• Check the laptop. Sounds basic, but we’ve learnt the hard way to make sure our laptops are fully loaded before we go. If you don’t use them regularly, it’s easy for them to be a step behind your desktop computer. My solution is to work on my laptop for a week before I leave. It soon highlights any issues — like missing fonts, a recalcitrant mouse, or a missing plug in.
  • Hard drives. Take as many archive hard drives as needed – they are so small now it’s silly to scrimp. In my case it meant packing three mirror archives – an older one (that in the end I haven’t needed), the current archive (that includes my WIP) and my photolibrary. Yes, I do use Filecamp, and some of my client’s use Dropbox but I’ve found accessing hard drives quicker than downloading large files over WIFI.
  • Minimise risk. Make sure someone has access your studio, and your desktop computer just in case something goes wrong. My main concern was our server needing a reboot, or a hard drive deciding not to mount. (Thankfully neither have happened.) We also leave photocopies of our passports/credit cards and other documents in the studio, just in case.
  • Research options. Sometimes we get stuck on doing the same things in the same way at home, but that way won’t necessarily work remotely. We used Skype but I’ve kept a note that Tracey Allen, from Liminal Graphics who contacted me after our Paris trip to say that even though her studio is in Hobart, she works from London. Tracey uses Zoom to talk to/present to her studio/clients. You can use it with video and audio, it has a shared screen which makes it perfect for presentations, and it’s more stable that Skype with a lower bandwidth. Tracey said she’s even used it from the back seat of a car while traveling through Turkey (in Europe they have mobile WIFI that you can rent when you rent a car). We’re aiming to use it on the train network through Europe.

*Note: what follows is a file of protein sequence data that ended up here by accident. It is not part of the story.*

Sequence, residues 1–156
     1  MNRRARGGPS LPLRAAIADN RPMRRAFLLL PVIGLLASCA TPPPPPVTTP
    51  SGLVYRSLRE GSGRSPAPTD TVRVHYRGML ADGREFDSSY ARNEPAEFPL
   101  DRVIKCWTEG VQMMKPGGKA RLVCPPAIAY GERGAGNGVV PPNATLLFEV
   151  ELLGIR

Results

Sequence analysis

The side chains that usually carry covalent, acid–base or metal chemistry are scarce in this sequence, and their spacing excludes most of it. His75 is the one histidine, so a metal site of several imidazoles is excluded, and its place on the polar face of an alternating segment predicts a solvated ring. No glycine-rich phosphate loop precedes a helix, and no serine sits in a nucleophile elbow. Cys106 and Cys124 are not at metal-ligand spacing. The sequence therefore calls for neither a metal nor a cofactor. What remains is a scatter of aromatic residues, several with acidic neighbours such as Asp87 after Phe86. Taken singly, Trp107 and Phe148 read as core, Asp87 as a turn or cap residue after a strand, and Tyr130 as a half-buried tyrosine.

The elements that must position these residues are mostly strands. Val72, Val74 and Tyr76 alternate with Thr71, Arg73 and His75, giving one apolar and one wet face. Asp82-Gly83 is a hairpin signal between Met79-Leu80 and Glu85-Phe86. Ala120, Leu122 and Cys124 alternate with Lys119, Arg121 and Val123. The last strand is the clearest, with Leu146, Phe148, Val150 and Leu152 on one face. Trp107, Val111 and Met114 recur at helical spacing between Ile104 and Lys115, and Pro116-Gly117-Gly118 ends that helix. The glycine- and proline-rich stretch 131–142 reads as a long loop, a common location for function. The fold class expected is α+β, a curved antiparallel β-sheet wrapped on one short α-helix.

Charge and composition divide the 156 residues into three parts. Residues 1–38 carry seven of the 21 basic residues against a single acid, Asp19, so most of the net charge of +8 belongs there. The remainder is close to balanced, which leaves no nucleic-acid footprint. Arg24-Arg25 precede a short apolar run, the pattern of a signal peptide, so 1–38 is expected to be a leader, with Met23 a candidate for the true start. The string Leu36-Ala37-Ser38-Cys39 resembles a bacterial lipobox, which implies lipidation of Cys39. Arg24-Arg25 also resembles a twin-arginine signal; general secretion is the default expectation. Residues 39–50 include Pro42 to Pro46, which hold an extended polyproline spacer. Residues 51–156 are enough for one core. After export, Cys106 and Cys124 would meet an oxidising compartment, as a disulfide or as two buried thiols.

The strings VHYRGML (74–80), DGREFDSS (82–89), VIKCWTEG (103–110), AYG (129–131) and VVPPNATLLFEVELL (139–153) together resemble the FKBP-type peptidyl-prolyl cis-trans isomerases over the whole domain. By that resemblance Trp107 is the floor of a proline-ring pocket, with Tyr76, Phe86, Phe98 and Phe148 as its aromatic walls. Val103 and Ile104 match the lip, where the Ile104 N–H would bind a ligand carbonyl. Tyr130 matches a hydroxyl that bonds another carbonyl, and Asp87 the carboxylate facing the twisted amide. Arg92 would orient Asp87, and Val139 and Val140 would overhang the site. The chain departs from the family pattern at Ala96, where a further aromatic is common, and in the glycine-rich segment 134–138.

• Contact local designers. It’s not just about work, it’s about meeting people with whom you instantly have a lot in common. Challenges with technology, clients, colleagues and finance are common right across the world, and it’s great to hear how others think/solve/consider their options. Of all the times we have emailed a request to meet we have only been refused once, and that was by an Australian designer working in Paris. (As an aside, it was interesting to talk to Rob Duncan of Mucho design in San Francisco – he had worked in Paris for 12 months and said the reluctance to meet was no surprise to him.) We usually try to have one meeting arranged before we leave Australia, and then ask that designer to suggest a colleague that they think might be interested in meeting us. That’s worked a treat, as has asking designers for out-of-the-way galleries/attractions/shopping that they think we may be of interest.